Tomatillo Jam Recipe

Can it or eat it right out of the pot. It’s up to you. But I’m here to tell you – this jam is SO good.

Tomatillo jam? Really? Yes.

Tomatillo Jam recipe for purple and green tomatillos

I love tomatillos. I used to only grow them for making salsa verde or to use chopped up in burritos and etc.

But then I’ve noticed that the purple tomatillos I’d been growing the last couple of years were a little sweeter than the green tomatillos and less tomato-y. We also had about 10 times as many as we could ever use, sitting in the fridge. So, being the pragmatic housewife that I am, I decided I would find a use for them.

I thought back to the time when a new family moved into the neighborhood (they were only about 6 miles away – that’s a typical “country neighborhood” for all you city folks) and the daughter that was entering the same grade in high school as me informed me that her family’s absolute favorite toast-topping was tomato jam.

Here I was, with a ginormous pile of tomatillos, and the thought of making tomatillo jam. Given that we live in the Internet age, surely someone out there has a recipe for tomatillo jam.

Talk about disappointment of the century.

I found about 9 pins with captions that read something like, “You can use tomatillos for jams, jellies, and pies.” I’d click on it. No recipe.

Okay, fine. So I looked up tomato jam recipes. Some luck there. At least it gave me a starting point.

Out came the pH test strips, ice, spoons, pots (I always misjudge how big of a pot I need, and I end up with three pots to wash in my sink instead of one – am I the only one with this never-ending problem?), and the 3 different brands of pectin I had at the moment. After lots of testing and tasting, I produced a recipe for tomatillo jam. And it is SO good.

Before I posted this post, though, I did a screen video recording of my fruitless searches on Pinterest and the world wide web. (Wait a second… is that what the “www” in every url stands for?! How is it that this hasn’t occurred to me until now?!) Because I guarantee it – you’ll see this recipe “slightly changed and claimed” by about half a million bloggers within 7 days. *sigh* It happens every time.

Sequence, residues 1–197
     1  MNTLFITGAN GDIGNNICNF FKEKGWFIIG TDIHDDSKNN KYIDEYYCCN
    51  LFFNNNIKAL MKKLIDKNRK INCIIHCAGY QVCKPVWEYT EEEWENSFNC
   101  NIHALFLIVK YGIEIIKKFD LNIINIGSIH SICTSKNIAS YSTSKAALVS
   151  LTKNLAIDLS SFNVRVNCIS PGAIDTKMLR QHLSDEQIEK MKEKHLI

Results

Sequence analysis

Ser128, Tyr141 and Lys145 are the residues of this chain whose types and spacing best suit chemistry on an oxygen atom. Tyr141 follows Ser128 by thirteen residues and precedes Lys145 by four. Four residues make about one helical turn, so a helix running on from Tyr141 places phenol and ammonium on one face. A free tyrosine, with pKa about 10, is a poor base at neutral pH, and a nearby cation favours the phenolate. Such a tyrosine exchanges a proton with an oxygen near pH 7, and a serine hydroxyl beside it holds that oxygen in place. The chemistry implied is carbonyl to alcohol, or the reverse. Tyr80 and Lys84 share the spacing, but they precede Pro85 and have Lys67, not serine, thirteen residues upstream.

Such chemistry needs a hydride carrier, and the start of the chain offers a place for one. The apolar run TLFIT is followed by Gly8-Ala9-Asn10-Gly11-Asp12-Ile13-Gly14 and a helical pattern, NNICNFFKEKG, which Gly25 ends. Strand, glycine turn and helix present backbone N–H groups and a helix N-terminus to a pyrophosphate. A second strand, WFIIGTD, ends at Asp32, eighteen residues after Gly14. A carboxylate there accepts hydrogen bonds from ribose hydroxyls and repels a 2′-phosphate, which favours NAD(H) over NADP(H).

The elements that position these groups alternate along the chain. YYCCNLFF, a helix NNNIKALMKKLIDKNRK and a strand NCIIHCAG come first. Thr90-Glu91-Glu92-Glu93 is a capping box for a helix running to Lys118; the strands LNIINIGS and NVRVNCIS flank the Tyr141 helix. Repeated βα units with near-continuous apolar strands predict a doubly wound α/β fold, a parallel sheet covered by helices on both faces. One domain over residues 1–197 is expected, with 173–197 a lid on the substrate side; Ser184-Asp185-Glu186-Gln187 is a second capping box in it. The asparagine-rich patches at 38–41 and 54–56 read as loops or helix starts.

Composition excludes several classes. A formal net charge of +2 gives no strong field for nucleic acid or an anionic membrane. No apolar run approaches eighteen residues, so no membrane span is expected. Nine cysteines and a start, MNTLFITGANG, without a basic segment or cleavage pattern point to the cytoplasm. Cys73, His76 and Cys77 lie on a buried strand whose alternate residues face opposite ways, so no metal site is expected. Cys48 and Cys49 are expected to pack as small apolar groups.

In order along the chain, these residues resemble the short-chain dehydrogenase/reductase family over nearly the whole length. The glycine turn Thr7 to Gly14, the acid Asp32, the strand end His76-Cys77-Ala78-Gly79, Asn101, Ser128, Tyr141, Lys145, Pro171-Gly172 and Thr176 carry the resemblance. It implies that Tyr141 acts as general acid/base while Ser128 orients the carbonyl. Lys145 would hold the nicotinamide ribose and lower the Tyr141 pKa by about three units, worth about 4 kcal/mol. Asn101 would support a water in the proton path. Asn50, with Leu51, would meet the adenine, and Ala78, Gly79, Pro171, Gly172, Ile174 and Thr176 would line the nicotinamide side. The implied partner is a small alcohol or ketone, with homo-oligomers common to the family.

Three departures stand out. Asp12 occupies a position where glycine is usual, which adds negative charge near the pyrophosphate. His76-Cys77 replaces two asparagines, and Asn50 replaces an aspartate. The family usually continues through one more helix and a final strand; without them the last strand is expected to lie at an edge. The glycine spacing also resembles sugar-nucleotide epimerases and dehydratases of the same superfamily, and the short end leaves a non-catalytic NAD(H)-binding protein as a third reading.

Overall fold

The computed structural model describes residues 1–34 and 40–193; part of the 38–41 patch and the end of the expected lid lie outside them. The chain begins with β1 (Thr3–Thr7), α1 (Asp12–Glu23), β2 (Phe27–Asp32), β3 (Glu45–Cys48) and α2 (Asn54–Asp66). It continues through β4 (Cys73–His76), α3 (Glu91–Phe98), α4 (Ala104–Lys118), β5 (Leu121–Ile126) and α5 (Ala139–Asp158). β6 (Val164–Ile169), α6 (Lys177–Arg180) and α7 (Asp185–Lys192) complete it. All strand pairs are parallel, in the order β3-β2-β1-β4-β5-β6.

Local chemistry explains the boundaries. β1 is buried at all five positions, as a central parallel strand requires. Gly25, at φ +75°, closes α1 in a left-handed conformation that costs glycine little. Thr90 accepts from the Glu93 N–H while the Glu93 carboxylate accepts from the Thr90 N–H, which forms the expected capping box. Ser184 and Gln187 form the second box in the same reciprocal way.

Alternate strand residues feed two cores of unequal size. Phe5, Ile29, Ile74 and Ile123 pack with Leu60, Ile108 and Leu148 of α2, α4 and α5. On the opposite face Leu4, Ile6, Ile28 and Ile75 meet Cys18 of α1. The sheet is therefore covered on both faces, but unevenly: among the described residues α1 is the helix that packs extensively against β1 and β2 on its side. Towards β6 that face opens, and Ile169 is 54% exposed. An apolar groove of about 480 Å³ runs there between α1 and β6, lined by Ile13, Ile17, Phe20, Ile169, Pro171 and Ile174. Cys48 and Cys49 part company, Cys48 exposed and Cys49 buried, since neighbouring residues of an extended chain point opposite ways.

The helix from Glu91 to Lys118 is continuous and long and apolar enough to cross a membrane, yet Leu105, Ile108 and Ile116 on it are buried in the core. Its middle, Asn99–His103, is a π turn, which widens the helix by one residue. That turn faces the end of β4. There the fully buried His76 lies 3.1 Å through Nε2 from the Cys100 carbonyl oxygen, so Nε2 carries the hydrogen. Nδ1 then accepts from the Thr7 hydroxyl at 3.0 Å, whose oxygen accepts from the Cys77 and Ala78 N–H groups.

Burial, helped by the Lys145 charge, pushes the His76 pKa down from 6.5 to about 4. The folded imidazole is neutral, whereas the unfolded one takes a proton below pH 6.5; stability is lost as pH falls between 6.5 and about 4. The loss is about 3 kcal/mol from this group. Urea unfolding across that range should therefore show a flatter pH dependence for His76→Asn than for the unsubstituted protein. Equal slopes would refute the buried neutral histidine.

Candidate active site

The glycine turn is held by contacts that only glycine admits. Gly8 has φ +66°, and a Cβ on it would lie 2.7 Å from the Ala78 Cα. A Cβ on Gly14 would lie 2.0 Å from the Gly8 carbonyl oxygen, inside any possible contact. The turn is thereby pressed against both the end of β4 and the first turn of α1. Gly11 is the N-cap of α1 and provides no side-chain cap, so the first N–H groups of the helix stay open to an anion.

The key is in the lime juice. It needs to be enough (plenty enough – I err on the side of caution) to make the jam acidic enough to keep botulism far, far away. It brings out the citrus-y flavor of the tomatillos. I love the resulting burst of flavor. And few things impress me enough to call it a “burst of flavor”.

Tomatillos jam recipe - green and purple tomatillos

The reddish jam is made from the purple tomatillos. The green jam is (obviously) made from the green tomatillos. Isn’t it gorgeous with the seeds suspended in the jelly-ness like that?

Here you go. An actual tomatillo jam recipe.

5.0 from 1 reviews
Tomatillo Jam
Author: 
Recipe type: Jam, Canning
Prep time: 
Cook time: 
Total time: 
 
You can use either purple or green tomatillos. The only difference will be the resulting color.
Ingredients
  • 1 lb. tomatillos
  • 1½ to 2 cups sugar
  • 4-5 Tbsp. lime juice
  • 3½ to 6 Tbsp. pectin (depending if you want something syrup-y for pancakes or something more like jam for toast)
  • ¼ tsp. butter
Instructions
  1. Place the tomatillos and lemon juice in a pot over medium heat. Cover and bring to a simmer. Use a potato masher to help break down the tomatillos so they'll release their juices.
  2. Once the tomatillos are thoroughly softened, blend the mixture thoroughly, then put it back in the pot.
  3. Add the pectin and mix it in well with a whisk. Bring the mixture back to a simmer.
  4. As soon as it begins simmering, immediately add the sugar and butter, and bring to a boil. Watch the pot carefully. It will likely bubble up. Reduce heat and simmer for two minutes. (The butter helps prevent foam from forming on top.)
  5. Immediately remove from heat and pour into sterilized pint jars. Clean the rims with a damp paper towel, and cover with sterilized lids. Tighten down with rings (but don't wrench them as tight as you can). Place the jars in a water-boiler canner, and make sure there's ½-inch to an inch of water over the top of each jar. Process for 10 minutes (from 0 - 1000 ft elevation), 15 minutes (1,001 - 6,000 ft elevation), or 20 minutes (6,000+ ft elevation).